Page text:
• Skelly says:

      Actually, it’s highly unlikely that you don’t use glottal stops, even though you’re probably not hearing them. The idea that glottal stops are only used to replace the letter “t” is false. I’m from London and, thanks to my mum’s efforts, I never say “bu’er” for “butter”, but I regularly end words like “that”, “right”, etc. with a glottal stop (and, hey, I think it sounds just fine). Think about the word “lamppost”. I would suggest that the number of people who use a glottal stop instead of the first “p” far exceeds the number of people who don’t. But who notices? Try pronouncing the word with 2 “p”s. It’s difficult… and sounds rather awkward and extremely pedantic. Now try pronouncing it with just 1 “p”… sounds like “lamb-post” – something I’ve never heard anyone say. Now say it the way you normally do and listen very closely (while concentrating on what you’re actually doing in your mouth and throat) – isn’t there a glottal stop there?

    • I would wager a large sum of money that your own speech has many, many glottal stops in it that you’re not aware of.

      And I would imagine there are indeed linguistic purists who decry “the glottal stop” when it’s intervocalic (“bu’er”) but actively approve of the very same phenomenon in other contexts, for example as a means of avoiding what they’d call “intrusive r” in cases like “Africa(r) and Asia” (I’m talking of non-rhotic purists of course). Just try listening actively to, say, Radio 4 announcers, which I’m sure the idiot on Teeside who wrote the nonsense that started this debate would consider the epitome of “correct pronunciation” and see how many glottal stops they use on words beginning with a vowel.

      I’m amazed how common the glottal stop is getting in British English now; it can almost sound like the English spoken by Germans. To me it makes English sound bumpy and disjointed.

      As an example, the decline of the “strong” forms of the words “the” (pronounced “thee”) and “a” (=an), which used to be universal before a vowel, depends on this. In the pronunciations “a old car” and “thuh old car”, which are quite common now, you will inevitably find a glottal stop at the beginning of the following word. For some reason the purists don’t seem to be ranting about this one. Yet.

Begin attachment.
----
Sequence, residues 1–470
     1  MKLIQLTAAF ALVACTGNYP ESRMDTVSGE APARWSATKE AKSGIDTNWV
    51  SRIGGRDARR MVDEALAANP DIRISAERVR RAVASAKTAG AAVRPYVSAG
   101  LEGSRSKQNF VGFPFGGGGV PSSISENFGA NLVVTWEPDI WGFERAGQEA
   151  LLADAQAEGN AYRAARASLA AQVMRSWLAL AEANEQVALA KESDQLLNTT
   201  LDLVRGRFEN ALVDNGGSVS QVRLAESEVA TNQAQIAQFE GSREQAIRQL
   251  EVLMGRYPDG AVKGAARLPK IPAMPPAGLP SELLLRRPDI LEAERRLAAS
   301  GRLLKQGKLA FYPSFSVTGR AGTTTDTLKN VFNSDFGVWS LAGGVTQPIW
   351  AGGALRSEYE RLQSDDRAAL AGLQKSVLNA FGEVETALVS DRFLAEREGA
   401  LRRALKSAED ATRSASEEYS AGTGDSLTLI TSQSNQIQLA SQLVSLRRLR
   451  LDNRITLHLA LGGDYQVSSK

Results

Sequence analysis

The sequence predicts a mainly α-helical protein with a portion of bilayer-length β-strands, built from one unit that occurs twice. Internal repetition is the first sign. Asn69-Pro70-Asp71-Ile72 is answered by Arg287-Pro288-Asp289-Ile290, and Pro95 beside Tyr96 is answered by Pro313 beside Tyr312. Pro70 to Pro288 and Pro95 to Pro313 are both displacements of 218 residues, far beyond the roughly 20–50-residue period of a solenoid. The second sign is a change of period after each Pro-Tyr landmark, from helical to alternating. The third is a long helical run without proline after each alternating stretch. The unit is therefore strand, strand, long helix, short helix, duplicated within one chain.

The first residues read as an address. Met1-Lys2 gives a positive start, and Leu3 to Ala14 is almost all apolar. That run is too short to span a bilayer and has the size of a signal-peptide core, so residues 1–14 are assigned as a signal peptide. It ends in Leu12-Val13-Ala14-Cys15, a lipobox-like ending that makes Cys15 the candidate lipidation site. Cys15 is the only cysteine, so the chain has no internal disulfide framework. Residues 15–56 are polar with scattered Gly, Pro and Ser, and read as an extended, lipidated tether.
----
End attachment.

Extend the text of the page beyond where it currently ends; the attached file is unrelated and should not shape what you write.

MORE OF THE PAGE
• David L says:

        OK, I concede that not all glottal stops are equal. But I’m not convinced by these examples, at least in my own speech, which these days is a mildly Americanized form of fairly standard southern Br E.

        If I said “a old car,” there would be a glottal stop, but of course I don’t say that. In “the old car,” I put a ‘y’ sound in the middle: thee-yold car.

        As to ‘lamppost,’ from the previous comment, there is a certainly a pause on the ‘p’ sound in the middle, but I make that by keeping my lips together longer than if I were saying ‘lamprey.’ Isn’t this an example of gemination? I don’t detect anything being stopped in the back of my mouth.

        Stan: sorry to go wildly OT.

  4. Stan says:

    Irina: They’re virtually indistinguishable most of the time. My guess is that it’s a spelling issue the school principal lumped in with the speech-related items. But I could be wrong about that.

    Kory: Well said, and thank you. Political attitudes to language strike me as quite backward sometimes. It shouldn’t require specialist training to conclude that people’s dialects are part of who they are and where they come from, and that many if not most people are at least bi-dialectal.

    David: Yes, I found “you lot” a strange alternative — it doesn’t seem very polite somehow. I don’t know that it should be “he were sat there”, but neither “he was sat” nor “he were sat” is part of my idiolect.

  5. Home dialect persecution has an unfortunately long and cherished tradition in English. At least we’ve mostly moved on from outlawing Celtic and Native American languages.

  6. limr says:

    Stan, it’s just not possible for me to agree with you more. This post is a total “Get out of my brain!” moment for me.

    Interesting note about the construction “He was sat there.” I know that in this context, it should be past progressive, but in the restaurant business (at least the American one), that sentence wouldn’t make anyone bat an eye. “To be sat” is waitstaff jargon for seating a customer at a table. It can also be used to say when a customer was seated in your section.

    “He complained about the booth, so he was sat (by an employee) at a window table.”

    or “What’s wrong with the host today? She (a co-worker) was sat four times in a row and I haven’t even gotten a single table yet.”

  7. Shaun Downey says:

    Ach utterly silly on the school’s part

  8. This principal would not be the first person to conflate oral and written language.

  9. BoiseNoise says:

    I think “naught” or “nought” is still considered perfectly acceptable, if a bit archaic. Isn’t this the word these students are saying (even if the principal spells it “nowt”?

    • Michael says:

      In England naught and nought are usually homophones, but nowt isn’t, hence the spelling difference.